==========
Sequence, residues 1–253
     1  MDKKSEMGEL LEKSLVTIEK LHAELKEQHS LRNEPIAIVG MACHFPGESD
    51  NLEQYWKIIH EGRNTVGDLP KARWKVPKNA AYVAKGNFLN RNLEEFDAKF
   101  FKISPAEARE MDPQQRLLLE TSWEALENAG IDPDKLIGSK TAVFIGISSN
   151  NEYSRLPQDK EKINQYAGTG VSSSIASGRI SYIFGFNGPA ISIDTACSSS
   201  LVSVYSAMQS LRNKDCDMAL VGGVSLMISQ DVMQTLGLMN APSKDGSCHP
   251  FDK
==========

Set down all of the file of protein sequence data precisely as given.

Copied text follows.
Sequence, residues 1–253
     1  MDKKSEMGEL LEKSLVTIEK LHAELKEQHS LRNEPIAIVG MACHFPGESD
    51  NLEQYWKIIH EGRNTVGDLP KARWKVPKNA AYVAKGNFLN RNLEEFDAKF
   101  FKISPAEARE MDPQQRLLLE TSWEALENAG IDPDKLIGSK TAVFIGISSN
   151  NEYSRLPQDK EKINQYAGTG VSSSIASGRI SYIFGFNGPA ISIDTACSSS
   201  LVSVYSAMQS LRNKDCDMAL VGGVSLMISQ DVMQTLGLMN APSKDGSCHP
   251  FDK